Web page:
Do I see a danger that this far-right terrorist scene might be able and willing to carry out also some more sophisticated, coordinated attacks?  Unfortunately, yes I do. These lone actor attacks are seen as inspirational by a small number of other white supremacists, and some of them will no doubt agree to work together toward the common goal of increasing the carnage. There is such wide availability of guns and other weapons in our country, and so-called “soft targets” like these are everywhere, resulting in a high capability to kill large numbers of people. Arrogance is very high among white supremacists, and no doubt some of them will be convinced that “hey, we can do even better than that guy” (with regard to killing more non-white victims). Federal, state and local law enforcement has already disrupted many such plots – largely because the more people know about or involved in a planned attack, the more changes there are that one of them will slip up, make a mistake, and tip off someone before it’s too late. In contrast, if the lone actor is careful enough, they can keep from revealing any signs of their impending attack until it’s too late to stop it. This tactical challenge in preventing such attacks means that in the future, at least some of these attacks will be virtually unpreventable.

Colin Clarke, Senior Research Fellow, The Soufan Center. Assistant Teaching Professor. Institute for Politics and Strategy (IPS). Carnegie Mellon University

To me, the situation is rather obvious. In order to combat the threat of violent white supremacy, and indeed of radical right-wing extremism, the US government needs to get serious about passing laws to help authorities deal with domestic terrorism. In this morning’s daily IntelBrief for The Soufan Center, we say the following:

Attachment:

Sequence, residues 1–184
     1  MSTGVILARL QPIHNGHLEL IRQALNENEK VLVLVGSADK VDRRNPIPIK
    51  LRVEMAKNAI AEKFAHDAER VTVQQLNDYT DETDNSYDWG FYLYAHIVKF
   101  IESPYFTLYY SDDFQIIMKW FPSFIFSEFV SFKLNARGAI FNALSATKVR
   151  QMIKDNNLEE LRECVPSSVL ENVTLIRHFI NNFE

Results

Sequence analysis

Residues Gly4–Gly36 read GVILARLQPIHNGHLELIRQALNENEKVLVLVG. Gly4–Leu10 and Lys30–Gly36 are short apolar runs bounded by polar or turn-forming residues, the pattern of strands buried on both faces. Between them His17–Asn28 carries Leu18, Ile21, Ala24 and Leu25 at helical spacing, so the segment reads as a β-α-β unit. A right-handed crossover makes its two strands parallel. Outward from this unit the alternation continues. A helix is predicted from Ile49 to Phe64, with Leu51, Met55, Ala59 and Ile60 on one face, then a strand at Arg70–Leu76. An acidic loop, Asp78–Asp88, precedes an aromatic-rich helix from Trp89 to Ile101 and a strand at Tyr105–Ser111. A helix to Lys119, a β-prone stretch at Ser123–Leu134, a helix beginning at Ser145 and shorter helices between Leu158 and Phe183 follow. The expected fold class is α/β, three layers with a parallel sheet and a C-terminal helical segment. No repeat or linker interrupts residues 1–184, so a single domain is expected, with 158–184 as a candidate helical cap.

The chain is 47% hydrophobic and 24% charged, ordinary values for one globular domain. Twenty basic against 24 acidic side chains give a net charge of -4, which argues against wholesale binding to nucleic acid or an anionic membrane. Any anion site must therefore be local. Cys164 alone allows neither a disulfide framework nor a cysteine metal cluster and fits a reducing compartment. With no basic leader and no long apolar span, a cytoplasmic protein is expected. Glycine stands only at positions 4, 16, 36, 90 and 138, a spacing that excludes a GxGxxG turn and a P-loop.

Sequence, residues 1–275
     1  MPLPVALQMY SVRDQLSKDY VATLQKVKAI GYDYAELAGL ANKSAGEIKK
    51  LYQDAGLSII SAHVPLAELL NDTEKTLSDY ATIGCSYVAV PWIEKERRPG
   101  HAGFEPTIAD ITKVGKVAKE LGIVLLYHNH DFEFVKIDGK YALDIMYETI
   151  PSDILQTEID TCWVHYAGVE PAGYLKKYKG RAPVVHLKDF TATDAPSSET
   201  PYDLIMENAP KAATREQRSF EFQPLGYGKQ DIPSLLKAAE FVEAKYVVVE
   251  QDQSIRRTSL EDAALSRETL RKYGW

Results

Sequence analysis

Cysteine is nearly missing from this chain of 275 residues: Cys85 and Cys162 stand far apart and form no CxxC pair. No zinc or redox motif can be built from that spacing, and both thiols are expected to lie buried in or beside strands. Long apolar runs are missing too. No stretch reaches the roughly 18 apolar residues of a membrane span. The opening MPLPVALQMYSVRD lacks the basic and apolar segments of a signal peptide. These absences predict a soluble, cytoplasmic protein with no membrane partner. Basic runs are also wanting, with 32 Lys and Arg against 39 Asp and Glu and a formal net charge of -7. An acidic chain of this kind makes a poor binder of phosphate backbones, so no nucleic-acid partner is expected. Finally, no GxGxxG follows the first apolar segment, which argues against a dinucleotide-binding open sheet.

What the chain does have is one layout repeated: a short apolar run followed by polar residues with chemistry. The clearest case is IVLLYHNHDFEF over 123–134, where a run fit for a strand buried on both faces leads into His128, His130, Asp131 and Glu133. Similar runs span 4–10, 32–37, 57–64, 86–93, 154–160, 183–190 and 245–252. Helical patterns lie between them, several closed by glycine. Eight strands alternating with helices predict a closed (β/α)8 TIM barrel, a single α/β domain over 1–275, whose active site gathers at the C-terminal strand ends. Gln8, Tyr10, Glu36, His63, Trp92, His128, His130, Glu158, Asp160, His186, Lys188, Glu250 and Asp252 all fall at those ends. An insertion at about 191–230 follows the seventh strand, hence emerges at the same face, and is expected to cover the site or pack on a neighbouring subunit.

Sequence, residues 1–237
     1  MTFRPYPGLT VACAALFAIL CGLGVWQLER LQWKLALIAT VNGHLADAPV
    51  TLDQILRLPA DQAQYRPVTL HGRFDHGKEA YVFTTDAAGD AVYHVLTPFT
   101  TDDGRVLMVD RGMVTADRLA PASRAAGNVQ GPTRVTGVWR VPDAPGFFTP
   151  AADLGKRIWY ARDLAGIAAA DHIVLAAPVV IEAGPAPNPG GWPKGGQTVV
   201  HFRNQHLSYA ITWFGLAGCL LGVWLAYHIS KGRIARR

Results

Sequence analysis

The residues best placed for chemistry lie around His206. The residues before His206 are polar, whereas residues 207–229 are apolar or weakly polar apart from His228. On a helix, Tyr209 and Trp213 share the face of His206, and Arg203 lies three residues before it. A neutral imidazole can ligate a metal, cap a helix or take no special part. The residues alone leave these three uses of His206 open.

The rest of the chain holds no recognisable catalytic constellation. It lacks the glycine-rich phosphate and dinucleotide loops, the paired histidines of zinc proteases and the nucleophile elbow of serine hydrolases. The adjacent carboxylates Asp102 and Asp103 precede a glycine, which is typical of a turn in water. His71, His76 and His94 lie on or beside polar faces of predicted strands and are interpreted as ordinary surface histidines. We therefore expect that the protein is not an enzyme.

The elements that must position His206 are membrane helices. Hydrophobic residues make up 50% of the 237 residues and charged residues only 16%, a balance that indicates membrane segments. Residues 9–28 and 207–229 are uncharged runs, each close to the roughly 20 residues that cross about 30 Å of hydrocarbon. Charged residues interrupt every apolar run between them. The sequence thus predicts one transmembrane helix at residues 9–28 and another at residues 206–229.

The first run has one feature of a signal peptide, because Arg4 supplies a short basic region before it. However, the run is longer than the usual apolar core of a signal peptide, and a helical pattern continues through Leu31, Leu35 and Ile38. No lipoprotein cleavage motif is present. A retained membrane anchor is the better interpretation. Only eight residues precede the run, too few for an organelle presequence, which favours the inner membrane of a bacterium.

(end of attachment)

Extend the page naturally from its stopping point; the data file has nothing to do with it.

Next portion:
Effective legislation takes time to craft properly, but a federal statute built around domestic terrorism could provide authorities with the prosecutorial power and resources necessary to address radical right-wing extremism head-on and make progress toward better protecting American citizens.

Moreover, it is entirely plausible that right-wing extremists could put together a more sophisticated attack along the lines of what Timothy McVeigh did in Oklahoma City. Especially since white men don’t draw suspicion in the same way others would, they could easily amass stockpiles of ingredients needed to make powerful bombs, much as McVeigh did.

J.M. Berger, Author of Extremism, Analyst and Consultant on Extremism, Research Fellow, VOX-Pol Network of Excellence

Since the 2011 Norway attacks by Anders Breivik, it’s been clear that so-called lone wolves can carry out mass murder on a scale not previously believed possible, and we’ve seen several such cases since then that were inspired by Breivik, or inspired by someone who was inspired by Breivik. I don’t expect this threat will go away any time soon.